Bob Weinstock

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Bob Weinstock (October 2, 1928 – January 14, 2006) was an American record producer best known for his label Prestige Records, established in 1949, which was responsible for many significant jazz recordings during his more than two decades operating the firm.

Early life[edit]

As an eight-year-old, Weinstock bought "armfuls of records" by jazz artists at nine cents each, opening up "a new world of music" for him.[1] As a teenager growing up in Manhattan, on the Upper West Side, Weinstock started a business selling jazz records through advertisements in the pages of Record Changer magazine from his family's apartment, with the support of his father and uncle. He couldn't play or read music, but he had an ear that enabled him to pick up the nuances of jazz. He later rented some space in the Jazz Record Center on 47th Street.[2] Bebop drummer Kenny Clarke was among those who visited his store, promising that when Weinstock opened a record label "he would get all the jazz greats to record" for him, and introducing him to artists including Thelonious Monk.[1]

Prestige Records[edit]

Weinstock created a label called New Jazz in January 1949, with its first release a recording by the Lennie Tristano quintet. He formed Prestige Records later that year, with a logo that represented the surfeit of saxophonists he had been recording and releasing. With assistance from his father and much traveling across the United States by bus, Weinstock was able to promote his company and gain air play and sales for jukeboxes for his releases from artists including Stan Getz, Annie Ross and Sonny Stitt. One of his early, and much-needed, financial successes was a release of "Moody's Mood for Love" recorded by King Pleasure, which became a nationwide hit in 1952.[2] In 1953, Charlie Parker recorded for Prestige using the pseudonym "Charlie Chan" to skirt contractual issues.[1]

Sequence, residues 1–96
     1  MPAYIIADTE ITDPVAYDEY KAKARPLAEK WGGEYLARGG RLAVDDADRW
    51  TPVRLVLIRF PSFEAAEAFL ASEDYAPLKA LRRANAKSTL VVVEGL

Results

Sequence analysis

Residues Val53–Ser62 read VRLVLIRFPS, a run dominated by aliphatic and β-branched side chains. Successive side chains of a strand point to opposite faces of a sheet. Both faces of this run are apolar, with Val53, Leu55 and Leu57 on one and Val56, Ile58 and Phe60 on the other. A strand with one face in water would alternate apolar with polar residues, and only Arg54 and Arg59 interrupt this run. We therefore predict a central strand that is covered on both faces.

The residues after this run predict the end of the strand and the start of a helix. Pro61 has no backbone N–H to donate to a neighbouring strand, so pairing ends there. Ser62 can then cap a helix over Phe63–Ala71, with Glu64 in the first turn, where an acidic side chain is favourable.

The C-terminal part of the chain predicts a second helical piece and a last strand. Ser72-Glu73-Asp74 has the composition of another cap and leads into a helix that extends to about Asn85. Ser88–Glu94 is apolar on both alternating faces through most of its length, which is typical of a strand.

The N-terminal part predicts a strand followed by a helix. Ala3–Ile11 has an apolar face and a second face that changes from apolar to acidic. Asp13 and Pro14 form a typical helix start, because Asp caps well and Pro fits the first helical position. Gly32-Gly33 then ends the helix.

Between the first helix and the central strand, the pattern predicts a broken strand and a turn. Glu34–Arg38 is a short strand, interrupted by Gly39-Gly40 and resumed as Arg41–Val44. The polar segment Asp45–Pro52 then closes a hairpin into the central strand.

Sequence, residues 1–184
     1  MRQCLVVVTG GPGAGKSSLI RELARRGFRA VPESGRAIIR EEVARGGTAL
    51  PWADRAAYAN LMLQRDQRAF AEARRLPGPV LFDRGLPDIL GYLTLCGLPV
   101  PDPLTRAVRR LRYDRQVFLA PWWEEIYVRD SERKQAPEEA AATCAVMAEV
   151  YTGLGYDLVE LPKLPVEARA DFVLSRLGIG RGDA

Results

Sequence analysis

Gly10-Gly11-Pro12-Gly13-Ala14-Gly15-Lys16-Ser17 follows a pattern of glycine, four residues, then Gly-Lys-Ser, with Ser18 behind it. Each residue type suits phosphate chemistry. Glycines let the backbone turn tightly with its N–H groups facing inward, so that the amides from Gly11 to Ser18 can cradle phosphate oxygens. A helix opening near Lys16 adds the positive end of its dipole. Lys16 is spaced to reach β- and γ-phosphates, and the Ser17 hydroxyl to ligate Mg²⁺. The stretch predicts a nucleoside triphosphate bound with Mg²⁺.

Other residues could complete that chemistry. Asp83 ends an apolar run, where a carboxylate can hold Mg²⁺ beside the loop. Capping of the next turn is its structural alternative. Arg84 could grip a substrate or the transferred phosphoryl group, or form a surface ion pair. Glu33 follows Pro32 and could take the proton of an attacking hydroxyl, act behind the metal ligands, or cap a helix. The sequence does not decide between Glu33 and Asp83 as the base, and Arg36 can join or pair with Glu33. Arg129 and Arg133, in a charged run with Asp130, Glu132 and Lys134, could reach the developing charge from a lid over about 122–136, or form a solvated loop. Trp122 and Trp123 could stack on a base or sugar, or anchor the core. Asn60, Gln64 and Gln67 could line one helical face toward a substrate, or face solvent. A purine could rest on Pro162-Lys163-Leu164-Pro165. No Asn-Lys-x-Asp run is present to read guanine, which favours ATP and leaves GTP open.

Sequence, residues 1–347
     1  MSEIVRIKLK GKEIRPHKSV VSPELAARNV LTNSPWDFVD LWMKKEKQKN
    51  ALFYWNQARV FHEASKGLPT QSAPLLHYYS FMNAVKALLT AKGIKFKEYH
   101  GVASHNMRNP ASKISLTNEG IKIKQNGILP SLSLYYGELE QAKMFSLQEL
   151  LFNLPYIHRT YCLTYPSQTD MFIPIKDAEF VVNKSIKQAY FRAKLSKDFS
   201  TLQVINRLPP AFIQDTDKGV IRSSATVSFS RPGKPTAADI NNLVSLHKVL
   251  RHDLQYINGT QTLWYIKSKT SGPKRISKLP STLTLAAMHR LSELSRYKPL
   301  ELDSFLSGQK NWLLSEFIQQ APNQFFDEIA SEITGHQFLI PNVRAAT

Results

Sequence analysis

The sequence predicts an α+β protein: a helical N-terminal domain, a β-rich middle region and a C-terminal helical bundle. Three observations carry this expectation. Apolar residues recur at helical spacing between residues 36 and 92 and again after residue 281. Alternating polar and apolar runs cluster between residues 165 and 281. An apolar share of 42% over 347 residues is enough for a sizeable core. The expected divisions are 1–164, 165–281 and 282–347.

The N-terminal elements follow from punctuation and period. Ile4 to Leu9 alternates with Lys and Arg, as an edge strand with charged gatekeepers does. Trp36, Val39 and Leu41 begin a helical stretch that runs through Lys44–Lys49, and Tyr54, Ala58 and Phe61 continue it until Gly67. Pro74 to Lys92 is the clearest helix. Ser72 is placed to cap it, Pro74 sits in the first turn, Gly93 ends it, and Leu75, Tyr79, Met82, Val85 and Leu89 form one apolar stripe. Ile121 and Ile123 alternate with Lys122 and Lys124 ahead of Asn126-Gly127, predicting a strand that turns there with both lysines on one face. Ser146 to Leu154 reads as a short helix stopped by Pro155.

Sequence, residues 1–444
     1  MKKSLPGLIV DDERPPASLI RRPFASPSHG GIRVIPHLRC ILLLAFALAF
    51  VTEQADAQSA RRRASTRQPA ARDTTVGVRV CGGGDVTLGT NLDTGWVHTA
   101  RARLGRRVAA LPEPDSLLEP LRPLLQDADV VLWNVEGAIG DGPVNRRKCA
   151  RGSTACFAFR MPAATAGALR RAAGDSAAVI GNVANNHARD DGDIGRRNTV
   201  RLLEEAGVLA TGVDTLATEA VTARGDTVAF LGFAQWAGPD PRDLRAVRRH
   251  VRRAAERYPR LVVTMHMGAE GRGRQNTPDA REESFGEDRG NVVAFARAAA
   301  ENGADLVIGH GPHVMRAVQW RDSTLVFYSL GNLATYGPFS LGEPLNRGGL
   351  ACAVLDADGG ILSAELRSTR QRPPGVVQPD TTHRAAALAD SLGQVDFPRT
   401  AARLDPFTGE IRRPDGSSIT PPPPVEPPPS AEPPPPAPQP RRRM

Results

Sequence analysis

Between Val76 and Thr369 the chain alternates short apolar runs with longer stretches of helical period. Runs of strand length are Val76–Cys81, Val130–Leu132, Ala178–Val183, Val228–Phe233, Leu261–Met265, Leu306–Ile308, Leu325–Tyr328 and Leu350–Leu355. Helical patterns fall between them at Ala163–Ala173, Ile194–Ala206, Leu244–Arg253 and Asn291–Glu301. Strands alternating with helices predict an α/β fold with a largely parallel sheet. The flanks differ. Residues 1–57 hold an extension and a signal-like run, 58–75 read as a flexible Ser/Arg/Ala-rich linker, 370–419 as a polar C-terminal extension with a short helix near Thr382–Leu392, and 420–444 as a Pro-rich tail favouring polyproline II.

Weinstock was known for having artists record with almost no rehearsal time, recording large quantities of music from the jazz groups in New York City for Prestige and later its Bluesville, Moodsville, Par, Swingville and Tru-Sound imprints.[2] He would have musicians record on one take, insisting that the additional takes were less spontaneous and that recording engineer Rudy Van Gelder did not need extra takes to adjust balance, and would reuse tapes if he thought that another take was needed. This left very few alternative versions of Prestige recordings.[3] John Lewis and his Modern Jazz Quartet were one of the few able to overcome Weinstock's no-rehearsal practice, for the 1955 release of Concorde and for the 1956 album Django.[2] Sonny Rollins and John Coltrane recorded the album Tenor Madness in 1956, with a saxophone duet that marked the only known recording of the two artists together.[1]